Asked by WSFA's Ashley Anderson about "free money" the young man says, "It's not a free money but it's a terminology 'free money' in it's a refund. You know you pay something for it but it comes as free money...Nothing's free in life, so it's not free, somebody's got to pay for it somebody's paying something for it.  We take the same cut out of every check ...--it's $350.  We charge $20 less than the leading competitor around here  -- so that's what we do.  Some people that have  to pay money back we charge a minimum of $125 just so we can take care of our customers and help them out The people who get money back we charge $350  and the people who don't even get money back we drop the processing fee down so they won't have to
pay as much money to us as they do."

In the affidavit, the government special agent alleges he also has "probable cause to believe that Michael T. Chappell and others in his employ are currently gathering names, Social Security numbers and other pertinent identifying information as well as dependent names, dates of birth and Social Security numbers which will be used to file additional fraudulent and state income tax returns in the upcoming electronic filing season which is set to begin on January 12, 2006."

The young vice president of the business says nothing like that is going on:

"Basically what happened was we tried to secure people's dependents early this year and make sure there wasn't dependent fraud.  So, we were trying to help the IRS with the dependent fraud.  That means if you were going to sell your child or his social security number or your social security number to somebody so they can come and claim them on income taxes, what we did is we took the people in early that's been getting claimed that's been getting their kids and their nephews and their brothers and sisters claimed on other people's income taxes.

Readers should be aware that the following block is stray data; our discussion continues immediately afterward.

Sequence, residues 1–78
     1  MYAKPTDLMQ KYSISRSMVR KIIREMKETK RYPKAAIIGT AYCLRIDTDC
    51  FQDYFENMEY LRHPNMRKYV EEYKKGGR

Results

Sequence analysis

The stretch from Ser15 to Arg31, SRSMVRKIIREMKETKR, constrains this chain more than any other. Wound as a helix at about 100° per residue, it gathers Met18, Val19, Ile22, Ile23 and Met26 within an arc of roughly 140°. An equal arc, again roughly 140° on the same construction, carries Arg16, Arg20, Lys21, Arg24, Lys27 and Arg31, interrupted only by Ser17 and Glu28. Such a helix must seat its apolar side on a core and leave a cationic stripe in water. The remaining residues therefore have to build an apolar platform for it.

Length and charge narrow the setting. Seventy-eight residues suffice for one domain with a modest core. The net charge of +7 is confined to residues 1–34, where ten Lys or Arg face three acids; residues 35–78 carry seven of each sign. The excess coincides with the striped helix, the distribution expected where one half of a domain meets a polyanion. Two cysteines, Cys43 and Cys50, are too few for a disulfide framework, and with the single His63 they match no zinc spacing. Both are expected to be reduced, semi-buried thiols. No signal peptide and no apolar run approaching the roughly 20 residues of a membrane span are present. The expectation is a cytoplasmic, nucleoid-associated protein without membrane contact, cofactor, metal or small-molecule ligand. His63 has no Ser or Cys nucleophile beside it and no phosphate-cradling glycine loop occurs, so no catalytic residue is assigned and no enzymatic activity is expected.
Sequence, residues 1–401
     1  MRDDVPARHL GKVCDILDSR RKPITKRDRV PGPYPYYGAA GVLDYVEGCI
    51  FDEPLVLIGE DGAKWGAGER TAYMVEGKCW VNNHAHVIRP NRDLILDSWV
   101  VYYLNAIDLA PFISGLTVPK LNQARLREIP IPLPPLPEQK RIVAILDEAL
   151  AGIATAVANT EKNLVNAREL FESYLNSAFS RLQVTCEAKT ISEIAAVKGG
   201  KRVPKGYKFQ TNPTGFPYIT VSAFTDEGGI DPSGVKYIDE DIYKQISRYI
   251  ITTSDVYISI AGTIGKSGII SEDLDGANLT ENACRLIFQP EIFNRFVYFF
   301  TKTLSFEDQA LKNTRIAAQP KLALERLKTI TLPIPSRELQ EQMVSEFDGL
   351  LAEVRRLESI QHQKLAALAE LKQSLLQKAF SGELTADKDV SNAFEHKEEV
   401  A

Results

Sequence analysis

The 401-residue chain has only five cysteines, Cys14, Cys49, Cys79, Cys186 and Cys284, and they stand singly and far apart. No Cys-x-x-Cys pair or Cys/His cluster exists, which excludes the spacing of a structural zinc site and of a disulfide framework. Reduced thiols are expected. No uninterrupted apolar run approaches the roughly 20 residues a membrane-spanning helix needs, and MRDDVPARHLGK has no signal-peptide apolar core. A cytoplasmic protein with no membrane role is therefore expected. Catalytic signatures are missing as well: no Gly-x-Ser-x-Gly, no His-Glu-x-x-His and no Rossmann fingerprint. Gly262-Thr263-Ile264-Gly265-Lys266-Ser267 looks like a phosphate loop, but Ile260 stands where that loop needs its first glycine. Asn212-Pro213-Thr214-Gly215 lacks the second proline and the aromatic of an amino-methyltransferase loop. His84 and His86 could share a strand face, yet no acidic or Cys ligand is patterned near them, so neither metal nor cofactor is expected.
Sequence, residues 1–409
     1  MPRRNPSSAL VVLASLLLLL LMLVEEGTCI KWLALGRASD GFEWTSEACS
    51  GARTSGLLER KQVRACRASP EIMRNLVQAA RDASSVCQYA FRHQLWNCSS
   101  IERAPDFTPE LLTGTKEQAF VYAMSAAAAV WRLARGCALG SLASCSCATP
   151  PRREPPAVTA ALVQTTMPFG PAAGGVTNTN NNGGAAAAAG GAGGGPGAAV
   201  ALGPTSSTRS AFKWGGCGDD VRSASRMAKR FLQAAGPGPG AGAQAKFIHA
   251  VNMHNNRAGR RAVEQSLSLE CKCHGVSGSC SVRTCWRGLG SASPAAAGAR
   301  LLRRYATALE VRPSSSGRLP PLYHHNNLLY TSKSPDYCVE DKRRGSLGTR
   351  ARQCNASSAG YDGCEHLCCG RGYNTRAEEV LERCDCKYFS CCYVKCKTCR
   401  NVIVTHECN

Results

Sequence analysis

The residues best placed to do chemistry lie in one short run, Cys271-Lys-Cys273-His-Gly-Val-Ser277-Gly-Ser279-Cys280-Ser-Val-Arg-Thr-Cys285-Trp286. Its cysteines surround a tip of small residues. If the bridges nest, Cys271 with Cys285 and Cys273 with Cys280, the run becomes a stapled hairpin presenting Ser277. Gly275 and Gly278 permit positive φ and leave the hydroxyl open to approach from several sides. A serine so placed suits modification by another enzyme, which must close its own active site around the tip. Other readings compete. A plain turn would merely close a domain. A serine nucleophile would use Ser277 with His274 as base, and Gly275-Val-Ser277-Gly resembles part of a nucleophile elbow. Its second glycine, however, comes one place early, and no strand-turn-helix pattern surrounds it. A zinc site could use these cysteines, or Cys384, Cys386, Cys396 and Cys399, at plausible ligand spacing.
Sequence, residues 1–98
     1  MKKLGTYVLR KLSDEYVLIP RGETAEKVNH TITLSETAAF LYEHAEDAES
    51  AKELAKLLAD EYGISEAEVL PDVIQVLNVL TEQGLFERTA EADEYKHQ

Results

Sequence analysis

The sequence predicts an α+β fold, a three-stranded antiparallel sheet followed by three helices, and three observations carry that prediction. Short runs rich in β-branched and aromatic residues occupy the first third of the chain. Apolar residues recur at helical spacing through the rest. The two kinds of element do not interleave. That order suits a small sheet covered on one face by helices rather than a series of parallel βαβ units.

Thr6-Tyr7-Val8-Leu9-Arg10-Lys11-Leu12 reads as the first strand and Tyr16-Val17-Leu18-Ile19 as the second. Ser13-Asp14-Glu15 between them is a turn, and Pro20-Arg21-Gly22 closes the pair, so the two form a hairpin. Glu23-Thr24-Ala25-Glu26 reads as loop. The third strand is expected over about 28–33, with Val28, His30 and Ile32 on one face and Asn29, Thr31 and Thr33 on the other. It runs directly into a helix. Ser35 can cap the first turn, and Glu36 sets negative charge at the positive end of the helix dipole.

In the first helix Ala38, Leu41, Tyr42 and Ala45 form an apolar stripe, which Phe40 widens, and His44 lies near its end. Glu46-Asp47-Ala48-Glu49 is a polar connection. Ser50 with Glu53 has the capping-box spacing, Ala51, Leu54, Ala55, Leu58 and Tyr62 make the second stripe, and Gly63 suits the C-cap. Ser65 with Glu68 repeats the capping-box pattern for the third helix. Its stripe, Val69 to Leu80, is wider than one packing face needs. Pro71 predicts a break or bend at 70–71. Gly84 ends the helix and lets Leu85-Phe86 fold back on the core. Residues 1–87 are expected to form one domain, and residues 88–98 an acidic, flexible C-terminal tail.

We tried to get them in early so we can go ahead and file them so they get the money for their dependents that they deserve the right to.  We made them show proof of that...

We've made 'em show that basically that is their dependent that is who they're with, proof that that is who they live with...People come in. They  don't understand what's going on.  We explain it to them.  We tell them what they need what they have to have in order to file income taxes and that's all we do.

We don't provide anybody with any social security numbers.  We don't provide anybody with any figures anything like that They bring their own.  They tell us.  We can't stop somebody from lying to us, but yet we can't say somebody is lying to us.  So, therefore, that's all we can do."

Special Agent Wilson says in his document that he was advised in October of 2006 that the Alabama Department of Revenue has been investigating Rocket Refund concerning allegations the business had  fraudulently prepared and electronically filed 2005 Alabama income tax returns under two separate tax EFINs.

Wilson says the Ala. Dept. of Revenue has interviewed "more than sixty individuals whose 2005 income tax returns were prepared and electronically transmitted by Rocket Refund.  Based on these interviews, it appears that Rocket Refund and Recordmatic operate as one entity.  All of the customers interviewed by the Department of Revenue claim to have conducted business with Rocket Refund, regardless of which EFIN their return was transmitted under..."

Wilson alleges the following based on information gathered by the Alabama Department of Revenue: